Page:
The recent Rifftides item about the continuing medical needs of Bix Beiderbecke biographer Richard M. Sudhalter brought interesting comments about both men. You can read it and the comments here. The piece stimulated a correspondence with Paul Paolicelli, blog reader, fellow survivor of the news business and former lead trumpet player. Leaving out parts concerning unproved and unprovable allegations about Beiderbecke’s personal life, here are key parts of the exchange, which expanded with a contribution from trumpeter Randy Sandke revised and forwarded by Sue Fischer of the Bix Beiderbecke Memorial Society in Davenport, Iowa.
Thanks to a long conversation with Sudhalter years ago, I reevaluated my once complete adoration of Beiderbecke, that 27-year-old drunk. I was a member of the Pittsburgh Jazz Society as a kid and had a considerable collection of old 78s from the Jean
Goldkette/Howdy Quicksell/Paul Whitman era. I think now that Beiderbecke’s contribution has been completely overstated because he was the “great white hope” of that era and, while certainly inventive and interesting, not quite the genius I once thought. So, my adult evaluation of him is as an out-of-control self-destructive alcoholic with a solid but undisciplined talent. Common sense tells you that people don’t die at 27 of natural causes. He wasn’t a stable citizen. He might have played his way into a footnote had he lived.
I should also point out that the very first CD I ever bought was a Beiderbecke compilation, years after my 78s had been stolen. It’s just that after my conversation with Dick and knowing more about Bix’s outlandish personal behavior, I abandoned my idolization. I’m back to Louis Armstrong. In Rome, a jazz saxophonist was doing a workshop with our group. I was the lead trumpet. He asked me who I thought of when I thought of trumpet players. I told him there were too many to even try and remember. He said, “If you had to pick just one, who would it be?”
“Louis Armstrong,” I replied.
“Man that was a long time ago,” he said.
“Yeah,” I said, “And so was Shakespeare. But if you’re going to speak the English language you’d better damn well know something about him.”
Beiderbecke’s playing profoundly affected many people in many ways. He influenced Rex Stewart, Lester Young, Bobby Hackett, Hoagy Carmichael and Bing Crosby, to name a few. It is well documented that Armstrong understood, admired and was moved by Bix’s talent. The man who created the tag to “I’m Coming, Virginia,” to single out one stunning moment from his discography, was a genius of spontaneous lyrical creation. The multiplier effect of his example is enormous. I’m sorry that he was a boozer and a psychological mess. Nor am I happy about Poe’s laudanum addiction, Lord Byron’s bisexuality and moral vacuousness, Charlie Parker’s heroin habit and satyrism, or Chet Baker’s self-centered, self-destructive life. I will continue to read Poe and Byron and listen to Bird, Chet and Bix, and be amazed.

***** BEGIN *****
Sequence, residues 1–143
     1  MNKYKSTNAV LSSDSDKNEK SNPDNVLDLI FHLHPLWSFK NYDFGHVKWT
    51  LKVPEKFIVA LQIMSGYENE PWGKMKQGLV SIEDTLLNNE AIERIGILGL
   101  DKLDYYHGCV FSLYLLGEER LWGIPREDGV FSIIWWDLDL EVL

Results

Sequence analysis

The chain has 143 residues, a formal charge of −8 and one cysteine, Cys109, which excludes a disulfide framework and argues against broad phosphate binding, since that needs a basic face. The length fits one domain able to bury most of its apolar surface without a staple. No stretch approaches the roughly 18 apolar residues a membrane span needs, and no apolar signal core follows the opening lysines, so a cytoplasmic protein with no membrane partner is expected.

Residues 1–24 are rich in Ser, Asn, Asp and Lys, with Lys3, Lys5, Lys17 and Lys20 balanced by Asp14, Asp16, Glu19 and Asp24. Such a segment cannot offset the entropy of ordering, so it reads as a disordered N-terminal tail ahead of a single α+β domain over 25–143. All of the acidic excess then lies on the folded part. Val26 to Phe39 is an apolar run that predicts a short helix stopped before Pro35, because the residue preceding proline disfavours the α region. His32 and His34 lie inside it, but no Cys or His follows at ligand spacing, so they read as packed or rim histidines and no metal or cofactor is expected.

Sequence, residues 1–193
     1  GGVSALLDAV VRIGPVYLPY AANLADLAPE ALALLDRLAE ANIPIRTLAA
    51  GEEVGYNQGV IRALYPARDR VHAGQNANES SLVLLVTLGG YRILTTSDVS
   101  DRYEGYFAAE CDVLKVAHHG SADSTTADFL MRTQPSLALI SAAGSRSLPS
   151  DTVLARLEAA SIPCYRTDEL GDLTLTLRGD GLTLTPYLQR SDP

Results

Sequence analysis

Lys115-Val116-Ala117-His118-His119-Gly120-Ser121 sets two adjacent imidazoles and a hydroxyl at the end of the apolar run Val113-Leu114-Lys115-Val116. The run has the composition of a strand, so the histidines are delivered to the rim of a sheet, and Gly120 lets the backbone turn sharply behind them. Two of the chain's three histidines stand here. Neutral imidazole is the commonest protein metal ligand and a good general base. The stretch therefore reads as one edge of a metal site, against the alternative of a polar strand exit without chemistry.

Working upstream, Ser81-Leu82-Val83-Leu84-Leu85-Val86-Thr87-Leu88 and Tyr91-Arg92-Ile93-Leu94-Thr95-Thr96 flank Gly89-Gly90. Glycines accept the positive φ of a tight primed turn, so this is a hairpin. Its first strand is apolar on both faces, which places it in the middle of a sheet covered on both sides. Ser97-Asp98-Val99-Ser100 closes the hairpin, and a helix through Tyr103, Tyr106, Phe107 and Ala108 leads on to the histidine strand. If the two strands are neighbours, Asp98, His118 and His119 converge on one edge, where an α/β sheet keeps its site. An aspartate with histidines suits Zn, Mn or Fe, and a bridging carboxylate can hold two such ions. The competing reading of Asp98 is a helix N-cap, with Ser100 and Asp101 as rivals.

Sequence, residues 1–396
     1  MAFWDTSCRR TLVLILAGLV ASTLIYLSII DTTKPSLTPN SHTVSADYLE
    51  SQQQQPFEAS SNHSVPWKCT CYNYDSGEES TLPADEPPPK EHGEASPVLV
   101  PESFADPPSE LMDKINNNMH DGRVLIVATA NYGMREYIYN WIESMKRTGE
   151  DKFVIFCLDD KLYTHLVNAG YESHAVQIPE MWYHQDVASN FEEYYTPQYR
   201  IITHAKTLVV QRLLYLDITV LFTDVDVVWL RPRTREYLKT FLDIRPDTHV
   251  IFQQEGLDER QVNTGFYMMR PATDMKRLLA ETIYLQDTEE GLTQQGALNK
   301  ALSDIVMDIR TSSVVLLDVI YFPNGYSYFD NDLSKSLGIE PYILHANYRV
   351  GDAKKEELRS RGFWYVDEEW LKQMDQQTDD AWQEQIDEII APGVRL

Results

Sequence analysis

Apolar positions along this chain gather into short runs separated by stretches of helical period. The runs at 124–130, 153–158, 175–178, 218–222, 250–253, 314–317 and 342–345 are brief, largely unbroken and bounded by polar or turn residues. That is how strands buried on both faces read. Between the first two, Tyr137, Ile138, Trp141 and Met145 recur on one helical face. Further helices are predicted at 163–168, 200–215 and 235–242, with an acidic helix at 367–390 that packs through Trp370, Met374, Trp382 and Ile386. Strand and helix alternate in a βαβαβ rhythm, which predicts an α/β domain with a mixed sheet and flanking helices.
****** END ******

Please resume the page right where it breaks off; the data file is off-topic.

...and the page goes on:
The cause of Bix’s problems may be even more elementary and tragic. With the advent of prohibition in January 1920, the simple act of taking a drink containing alcohol became a criminal offense. Bootleg liquor became a witch’s brew that could contain poisonous ingredients. A sample sold in the streets of Harlem was taken to a lab and analyzed. It was found to contain wood alcohol, benzene, kerosene, pyridine, camphor, nicotine, benzol, formaldehyde, iodine, sulphuric acid, soap, and glycerin. People who consumed this hazardous concoction often experienced dizziness, blackouts, hair loss, fluctuations in weight, advanced aging, partial blindness and paralysis. It is known that Bix exhibited most if not all of these symptoms.
Just as a by-the-way; don’t buy into the “my father didn’t love me so I had to drink and destroy my talent and life” theory. There are lots of us who found our way out of that morass; first by stopping drinking and then by taking an inventory and changing our lives. We don’t buy the self-pitying “poor me” BS any more than you should. A drunk has a disease. The first step in curing it is simple recognition that it’s beyond the individual’s control. That’s an especially complicated step in the talented (Poe, Parker, Byron and Baker, just to list a few p’s and b’s) or wealthy. They are surrounded by sycophants or enablers who don’t know how or don’t have the will to confront them. And there’s that ridiculous theory that “it’s part of their art.” Alcoholism is alcoholism. A relationship with a father is a relationship with a father. Bix’s father, from all I’ve read, was terribly disappointed in his son’s choices. I think the music was more a symbol of his disappointment and that the broader issue was really his son’s immaturity, lack of self control, and dreadful drinking bouts that the father probably blamed on the musician’s life, again not understanding the fundamental nature of his son’s disease. In those days a respectable citizen just didn’t get drunk. (Same way today in Italy; it’s not a bella figura. Thus, alcoholics tend to drink privately, which adds to the problems. The Italian AA program is purely word of mouth).
Rifftides readers unfamiliar with Beiderbecke’s playing will find plenty of it in this seven-CD box set that also features his saxophone partner Frank Trumbauer and many of the greatest early recordings of trombonist Jack Teagarden. This single CD is a good sampler of some of Beiderbecke’s best-known work, including “I’m Coming, Virginia” and “Singin’ The Blues.”